I'm harvesting every day but, to keep my supplies up,
I am continuously sowing and planting out.
But if you don't have a garden to grow in, you can do it just as easily in a container.
You are such a lazy dog.
Even if you just have a window ledge, you can still grow yourself some peas.
But you're not harvesting the pea pods, you're harvesting the shoots.
Pea shoots are the tender tips of the garden pea plant.
These shoots are three weeks old and ready for their first pickings.
They make a delicious salad leaf.
I have to admit, the reason why I have
dried peas is because I thought the package was stylish and nothing to do with liking to eat dried peas.
But then I thought, "I wonder if they're any good?"
And they're so cheap, much cheaper than garden centre peas,
so I tried them out, and they germinate really well.
So these are now my official
favourite pea shoot peas.
And, just to prove exactly how good they are, this packet was purchased in 2007,
and they all germinate like clockwork.
So, all you do is
cram it full because you're not growing them to full size.
Squish them in, give them a good water, put them somewhere warm, on a window ledge,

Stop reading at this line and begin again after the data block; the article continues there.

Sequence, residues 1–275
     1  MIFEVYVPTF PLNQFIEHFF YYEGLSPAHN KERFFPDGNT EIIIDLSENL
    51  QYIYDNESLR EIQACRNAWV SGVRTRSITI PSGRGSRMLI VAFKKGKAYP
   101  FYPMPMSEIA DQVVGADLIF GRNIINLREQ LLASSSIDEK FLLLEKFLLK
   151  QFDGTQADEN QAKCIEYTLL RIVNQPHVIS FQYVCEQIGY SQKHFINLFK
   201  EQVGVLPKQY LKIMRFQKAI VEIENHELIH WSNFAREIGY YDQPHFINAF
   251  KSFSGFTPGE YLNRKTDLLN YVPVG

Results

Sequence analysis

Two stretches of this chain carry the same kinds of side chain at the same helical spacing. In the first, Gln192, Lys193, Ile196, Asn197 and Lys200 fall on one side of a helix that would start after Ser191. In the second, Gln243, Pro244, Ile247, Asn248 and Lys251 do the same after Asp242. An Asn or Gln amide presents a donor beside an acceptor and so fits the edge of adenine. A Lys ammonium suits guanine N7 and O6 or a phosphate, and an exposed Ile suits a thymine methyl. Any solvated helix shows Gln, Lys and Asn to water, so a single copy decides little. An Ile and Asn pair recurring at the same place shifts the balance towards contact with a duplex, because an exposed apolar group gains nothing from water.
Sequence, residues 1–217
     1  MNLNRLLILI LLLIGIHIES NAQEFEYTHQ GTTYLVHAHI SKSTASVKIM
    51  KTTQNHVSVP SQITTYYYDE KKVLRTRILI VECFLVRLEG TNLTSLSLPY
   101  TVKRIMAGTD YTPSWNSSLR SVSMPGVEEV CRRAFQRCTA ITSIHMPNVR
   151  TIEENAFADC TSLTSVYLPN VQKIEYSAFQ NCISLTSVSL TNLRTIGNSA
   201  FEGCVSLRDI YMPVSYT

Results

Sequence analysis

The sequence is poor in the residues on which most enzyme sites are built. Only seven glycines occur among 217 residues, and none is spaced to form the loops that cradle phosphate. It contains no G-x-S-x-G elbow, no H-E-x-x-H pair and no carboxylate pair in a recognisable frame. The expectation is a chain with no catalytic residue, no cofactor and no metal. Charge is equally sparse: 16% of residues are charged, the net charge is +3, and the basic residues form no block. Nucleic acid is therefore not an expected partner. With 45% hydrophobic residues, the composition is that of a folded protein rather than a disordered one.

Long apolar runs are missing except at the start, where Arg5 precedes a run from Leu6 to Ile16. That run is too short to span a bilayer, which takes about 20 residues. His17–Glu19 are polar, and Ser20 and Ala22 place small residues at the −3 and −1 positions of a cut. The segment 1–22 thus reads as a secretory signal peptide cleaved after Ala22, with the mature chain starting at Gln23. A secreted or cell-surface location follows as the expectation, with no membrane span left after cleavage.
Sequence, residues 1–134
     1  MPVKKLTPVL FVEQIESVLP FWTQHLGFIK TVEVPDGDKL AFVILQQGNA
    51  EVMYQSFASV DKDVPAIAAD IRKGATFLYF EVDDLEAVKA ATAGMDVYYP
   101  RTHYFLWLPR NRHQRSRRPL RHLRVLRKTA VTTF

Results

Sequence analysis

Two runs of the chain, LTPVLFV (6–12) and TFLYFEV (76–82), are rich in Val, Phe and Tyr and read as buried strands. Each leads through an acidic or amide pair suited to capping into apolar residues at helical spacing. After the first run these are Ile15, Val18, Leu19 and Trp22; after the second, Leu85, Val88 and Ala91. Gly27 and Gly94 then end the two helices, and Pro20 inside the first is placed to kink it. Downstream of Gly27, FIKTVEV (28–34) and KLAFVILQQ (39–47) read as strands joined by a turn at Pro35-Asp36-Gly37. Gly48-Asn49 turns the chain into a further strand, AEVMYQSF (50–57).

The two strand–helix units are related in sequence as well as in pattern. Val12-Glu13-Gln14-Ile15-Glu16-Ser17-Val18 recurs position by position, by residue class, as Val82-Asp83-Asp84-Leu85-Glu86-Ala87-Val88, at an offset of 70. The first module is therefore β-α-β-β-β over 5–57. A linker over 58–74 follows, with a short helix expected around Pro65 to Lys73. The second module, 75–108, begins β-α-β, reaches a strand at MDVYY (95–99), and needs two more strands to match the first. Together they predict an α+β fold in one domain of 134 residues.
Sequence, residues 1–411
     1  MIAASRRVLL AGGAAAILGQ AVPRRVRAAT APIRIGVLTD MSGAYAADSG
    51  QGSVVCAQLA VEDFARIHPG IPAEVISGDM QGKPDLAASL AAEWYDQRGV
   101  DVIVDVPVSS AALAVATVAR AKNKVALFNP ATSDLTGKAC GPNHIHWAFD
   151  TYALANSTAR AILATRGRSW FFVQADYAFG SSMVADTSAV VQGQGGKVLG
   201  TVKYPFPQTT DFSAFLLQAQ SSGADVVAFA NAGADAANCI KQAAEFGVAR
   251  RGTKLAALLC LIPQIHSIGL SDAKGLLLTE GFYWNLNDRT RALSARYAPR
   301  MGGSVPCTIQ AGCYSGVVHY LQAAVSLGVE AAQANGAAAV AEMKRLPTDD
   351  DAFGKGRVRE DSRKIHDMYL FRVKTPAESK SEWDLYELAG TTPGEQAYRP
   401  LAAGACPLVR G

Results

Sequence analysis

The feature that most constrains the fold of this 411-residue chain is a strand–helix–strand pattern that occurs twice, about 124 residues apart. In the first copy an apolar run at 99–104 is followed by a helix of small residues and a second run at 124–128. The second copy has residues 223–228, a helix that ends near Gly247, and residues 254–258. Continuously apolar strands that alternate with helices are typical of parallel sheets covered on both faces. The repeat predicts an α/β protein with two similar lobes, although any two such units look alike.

on a nice balcony, somewhere in the sun.
And, within a couple of weeks,
you have pea shoots to start harvesting.
By August, the garden is at its most productive, and I'm pleased that it's looking so pretty.
At this time of year, it's easy to end up with a glut,
which is a good thing because it means plenty for later in the year.
The minute you stop picking runner beans, they stop producing.
So, you need to keep picking if you want lots of runner beans.
At this point, I'm just actually being very traditional and freezing a lot because...
..now they seem...
Frozen beans don't seem that exciting. Actually, come January,
to add to curries and soups,
Surprisingly, this is just
and they've really been more
than I can handle.
This is a very beautiful dark purple French bean called Nectar Queen.
And it's just the most intense purple colour.
But, unfortunately, the minute you put it into boiling water, it goes bright green.
So, all of that colour is lost when you come to eat it.
But all is forgiven for the way it looks on the bush.
Isabel, don't pee there. Isabel...
I'm overrun with pea shoots, which is a good excuse to do a bit of experimenting.
I'm going to make a "peatini", which is a pea-based martini using a recipe from chef Mark Hix.
All I have to do is blend the pea shoots into a puree with a bit of water.
Then add some gin, sugar syrup and a squeeze of lemon.
Then invite some friends over to try them!
And, because the garden has been so productive, I can serve up
more of my tasty home-grown falafels and a big bowl of salad.
My little garden really rocks. I haven't had to buy
any peas or beans this summer and I even have frozen runner beans to take me into the winter.
The next stage of my grow-your-own adventure is all about salad crops.
Tomatoes and cucumbers.
And lettuce leaves, one of the fastest and easiest things to grow.